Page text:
On August 31, 2020, the Financial Services (Fintech Regulatory Sandbox) Regulations 2020 came into force, significantly enhancing the British Virgin Islands regulatory framework and providing room for innovation in the fintech sector. The sandbox is a controlled environment for fintech businesses to conduct live-testing with temporarily adjusted regulations. Fintech developers can operate within the sandbox for a set time period and with limited reach, without having to go through the usual full process of regulatory authorization.
The Sandbox environment allows for effective early testing of fintech products to identify areas for improvement to safeguard against error in actual deployment. It also allows the Financial Services Commission (FSC) to provide clarity on whether a new financial product or service complies with legal and regulatory requirements. Seeing fintech businesses deployed in a controlled environment improves the overall efficiency of a fintech system and encourages further innovation.
The new regulations provide for a three-part lifecycle. During the consideration period, the service provider makes an application that can be refused by the FSC, or accepted for participation in the Sandbox. Even after acceptance, the FSC may revoke the approval after further evaluation under Regulation 16. If allowed to launch the service within the sandbox as a new participant, the provider can deploy the service in the sandbox (sandbox participant stage) for an 18-month period, with a possible six-month extension. An application for extension must be made at least 30 days before the end of the period specified for testing when the application for participation was approved.
Finally, the provider will exit the sandbox either becoming a licensed financial services provider, or, if unable to obtain a license, the provider must wind down the service. The sandbox participant must give 60 days' notice to the FSC before exiting the Regulatory Sandbox.
How To Apply for the BVI Fintech Regulatory Sandbox
The application to become an approved Sandbox participant must include a written proposal for the use of innovative fintech in a financial services business by improving provision, enhancing risk management, addressing shortcomings, or providing new opportunities. The application must be accompanied by a detailed and comprehensive business proposal, to include test scenarios carried out by the applicant, the maximum number of clients the applicant wishes to engage while participating in the Sandbox, a risk assessment, and a description of the financial, technological, human, and other resources that the applicant will utilize to support participation in and testing within the Sandbox. The applicant must also document its strategies for exiting the Sandbox.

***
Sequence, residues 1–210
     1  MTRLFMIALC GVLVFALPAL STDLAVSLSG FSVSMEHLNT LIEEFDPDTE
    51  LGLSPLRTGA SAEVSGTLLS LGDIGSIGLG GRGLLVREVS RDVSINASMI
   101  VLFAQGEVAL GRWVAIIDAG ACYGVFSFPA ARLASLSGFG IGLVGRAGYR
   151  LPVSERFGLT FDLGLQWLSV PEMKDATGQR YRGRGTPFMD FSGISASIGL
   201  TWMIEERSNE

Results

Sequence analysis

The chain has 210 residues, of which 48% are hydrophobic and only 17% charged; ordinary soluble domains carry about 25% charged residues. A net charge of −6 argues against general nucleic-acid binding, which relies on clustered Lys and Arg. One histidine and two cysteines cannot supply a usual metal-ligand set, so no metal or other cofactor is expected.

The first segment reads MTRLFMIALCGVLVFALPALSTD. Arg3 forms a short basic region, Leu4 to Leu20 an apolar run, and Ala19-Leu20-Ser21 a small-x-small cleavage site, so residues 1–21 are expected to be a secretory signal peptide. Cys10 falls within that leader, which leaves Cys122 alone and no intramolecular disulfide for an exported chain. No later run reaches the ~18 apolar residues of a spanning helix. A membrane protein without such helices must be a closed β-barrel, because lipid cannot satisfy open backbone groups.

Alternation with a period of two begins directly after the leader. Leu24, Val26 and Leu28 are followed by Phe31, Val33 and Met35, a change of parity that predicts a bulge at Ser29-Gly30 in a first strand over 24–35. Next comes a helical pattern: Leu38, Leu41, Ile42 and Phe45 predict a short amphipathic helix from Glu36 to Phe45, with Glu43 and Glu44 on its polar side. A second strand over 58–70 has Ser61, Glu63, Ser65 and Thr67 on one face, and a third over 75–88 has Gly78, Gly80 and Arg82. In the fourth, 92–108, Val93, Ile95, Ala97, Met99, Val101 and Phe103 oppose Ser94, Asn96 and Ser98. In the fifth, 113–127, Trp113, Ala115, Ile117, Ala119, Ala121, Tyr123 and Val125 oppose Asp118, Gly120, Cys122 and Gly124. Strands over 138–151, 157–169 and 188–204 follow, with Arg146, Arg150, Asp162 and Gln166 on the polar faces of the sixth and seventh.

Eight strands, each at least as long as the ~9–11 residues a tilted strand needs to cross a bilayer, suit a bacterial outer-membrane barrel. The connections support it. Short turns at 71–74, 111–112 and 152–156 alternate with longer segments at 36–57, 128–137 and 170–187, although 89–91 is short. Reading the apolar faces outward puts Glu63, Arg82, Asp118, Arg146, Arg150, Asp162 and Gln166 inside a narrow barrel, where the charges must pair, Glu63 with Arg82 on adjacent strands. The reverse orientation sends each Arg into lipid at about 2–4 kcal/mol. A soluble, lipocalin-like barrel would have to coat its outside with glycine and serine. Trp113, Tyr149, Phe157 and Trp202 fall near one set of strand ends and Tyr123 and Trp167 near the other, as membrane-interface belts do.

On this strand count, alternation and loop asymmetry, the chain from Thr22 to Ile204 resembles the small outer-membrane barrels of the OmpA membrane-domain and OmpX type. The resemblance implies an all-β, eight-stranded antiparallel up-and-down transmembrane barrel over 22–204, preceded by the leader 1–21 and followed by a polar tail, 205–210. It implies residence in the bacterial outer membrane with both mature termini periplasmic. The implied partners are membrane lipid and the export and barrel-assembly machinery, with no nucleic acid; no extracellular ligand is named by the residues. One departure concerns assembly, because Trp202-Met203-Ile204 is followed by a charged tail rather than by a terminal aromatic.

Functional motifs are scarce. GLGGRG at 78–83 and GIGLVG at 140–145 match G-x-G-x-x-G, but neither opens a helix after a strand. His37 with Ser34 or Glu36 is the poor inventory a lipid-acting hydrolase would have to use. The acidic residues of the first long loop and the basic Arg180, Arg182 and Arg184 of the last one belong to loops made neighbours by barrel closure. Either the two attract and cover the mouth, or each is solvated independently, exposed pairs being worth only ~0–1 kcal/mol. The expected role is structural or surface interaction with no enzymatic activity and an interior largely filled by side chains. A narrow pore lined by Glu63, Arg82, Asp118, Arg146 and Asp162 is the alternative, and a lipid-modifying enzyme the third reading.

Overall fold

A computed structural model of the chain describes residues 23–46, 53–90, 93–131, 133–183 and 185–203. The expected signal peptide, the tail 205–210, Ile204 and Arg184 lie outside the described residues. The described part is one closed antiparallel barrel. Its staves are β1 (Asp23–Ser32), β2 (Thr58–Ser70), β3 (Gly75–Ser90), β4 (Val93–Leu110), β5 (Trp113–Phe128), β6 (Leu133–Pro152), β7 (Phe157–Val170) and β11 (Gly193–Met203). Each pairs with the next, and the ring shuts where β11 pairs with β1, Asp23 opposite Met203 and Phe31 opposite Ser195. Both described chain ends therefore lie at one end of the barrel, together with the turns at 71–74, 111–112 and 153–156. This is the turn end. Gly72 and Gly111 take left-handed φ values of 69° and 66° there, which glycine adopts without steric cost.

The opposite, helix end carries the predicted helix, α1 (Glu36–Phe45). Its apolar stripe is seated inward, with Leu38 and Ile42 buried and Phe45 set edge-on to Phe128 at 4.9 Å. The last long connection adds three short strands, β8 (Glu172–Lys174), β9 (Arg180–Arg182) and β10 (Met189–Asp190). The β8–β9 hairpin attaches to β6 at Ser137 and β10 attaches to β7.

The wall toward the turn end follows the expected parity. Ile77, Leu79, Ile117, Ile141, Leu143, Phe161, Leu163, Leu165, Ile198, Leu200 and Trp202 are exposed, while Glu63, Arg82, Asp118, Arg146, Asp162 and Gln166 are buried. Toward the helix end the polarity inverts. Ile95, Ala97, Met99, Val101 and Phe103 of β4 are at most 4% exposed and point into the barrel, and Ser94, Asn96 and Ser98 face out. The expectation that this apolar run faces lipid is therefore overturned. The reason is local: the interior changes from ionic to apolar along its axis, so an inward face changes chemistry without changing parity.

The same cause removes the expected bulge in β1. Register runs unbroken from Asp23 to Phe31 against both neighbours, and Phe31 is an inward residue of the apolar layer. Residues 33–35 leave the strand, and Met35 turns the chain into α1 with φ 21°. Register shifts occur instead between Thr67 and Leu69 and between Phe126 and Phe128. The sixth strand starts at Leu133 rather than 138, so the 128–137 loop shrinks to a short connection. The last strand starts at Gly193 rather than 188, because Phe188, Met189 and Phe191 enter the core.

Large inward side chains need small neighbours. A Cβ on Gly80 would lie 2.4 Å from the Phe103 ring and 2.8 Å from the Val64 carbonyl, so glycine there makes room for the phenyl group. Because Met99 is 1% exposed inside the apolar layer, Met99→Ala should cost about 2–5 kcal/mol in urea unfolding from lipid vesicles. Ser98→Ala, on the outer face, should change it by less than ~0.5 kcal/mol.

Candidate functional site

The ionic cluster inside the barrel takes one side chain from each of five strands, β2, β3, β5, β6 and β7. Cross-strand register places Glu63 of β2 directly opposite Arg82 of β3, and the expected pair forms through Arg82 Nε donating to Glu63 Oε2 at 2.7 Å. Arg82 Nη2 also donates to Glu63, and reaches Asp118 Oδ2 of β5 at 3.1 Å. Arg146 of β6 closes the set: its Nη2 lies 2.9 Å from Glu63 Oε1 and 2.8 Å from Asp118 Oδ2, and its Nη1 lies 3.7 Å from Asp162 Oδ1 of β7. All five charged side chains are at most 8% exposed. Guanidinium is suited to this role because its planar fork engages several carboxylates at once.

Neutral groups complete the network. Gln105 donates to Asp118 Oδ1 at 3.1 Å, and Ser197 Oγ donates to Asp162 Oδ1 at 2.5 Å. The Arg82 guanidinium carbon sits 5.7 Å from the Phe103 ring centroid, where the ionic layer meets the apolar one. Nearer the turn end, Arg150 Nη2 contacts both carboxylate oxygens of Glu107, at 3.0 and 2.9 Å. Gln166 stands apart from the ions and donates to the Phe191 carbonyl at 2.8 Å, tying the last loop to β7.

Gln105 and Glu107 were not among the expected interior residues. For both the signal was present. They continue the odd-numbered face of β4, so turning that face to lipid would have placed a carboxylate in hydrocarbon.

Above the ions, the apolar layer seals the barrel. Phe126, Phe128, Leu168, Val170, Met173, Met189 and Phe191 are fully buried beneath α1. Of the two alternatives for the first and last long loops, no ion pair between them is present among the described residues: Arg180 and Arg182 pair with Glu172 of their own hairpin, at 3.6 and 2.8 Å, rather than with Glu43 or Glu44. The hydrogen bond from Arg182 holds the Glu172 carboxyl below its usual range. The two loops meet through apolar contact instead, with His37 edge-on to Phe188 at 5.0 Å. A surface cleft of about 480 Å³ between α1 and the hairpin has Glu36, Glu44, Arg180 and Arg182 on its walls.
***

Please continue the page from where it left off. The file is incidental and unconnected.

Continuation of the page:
Who is Eligible
The BVI Fintech Regulatory Sandbox is open to participation by existing BVI licensed financial service providers, as well as startups. The FSC envisages applications in the credit sector, e.g., peer to peer lending, in payments such as eWallets and mobile payment services, and also in investment management, securities, and insurance fintech. An overview of key factors that the FSC will use in its evaluation process can be found here.
Recordkeeping, Reporting, and Risk Mitigation
Potential applicants should pay attention to Regulation 12, which sets out recordkeeping and reporting requirements for Sandbox participants, as well as the client disclosure requirements of Regulation 13. In addition, the Regulations do not provide for limitation of liability or immunity from regulatory action or other prosecution. In fact, Regulation 11(2) specifies that participants are required to adopt appropriate measures to address potential risks, including the prevention of money laundering, as well as terrorist and proliferation financing.
Requiring these measures to safeguard against international financial crime allows for maximum flexibility for the regulator to assess what level of risk controls are appropriate on a case-by-case basis. The regulator can then ensure adherence to international standards, rather than providing a blanket exemption from the existing regulatory framework. The process promotes integrity and stability in the financial system. The flexible approach is not unusual. In fact, in certain jurisdictions regulators employ a legislative "no-action letter" procedure for just this purpose. While no explicit procedure for this exists in the BVI Regulations, the framework does allow the regulator to address these matters, in a comprehensive manner, during the application process.
Prospective Sandbox participants should therefore pay particular attention to provisions to mitigate against these risks in their application proposal and have detailed discussions with regulators on these matters in relation to the sufficiency of the mitigation measures proposed. In the same vein, the solicitation and contractual documents that prospective participants will use with clients during the Sandbox participation phase should have clear, easily understood, and rigorous provisions for the limitation of loss and liability.
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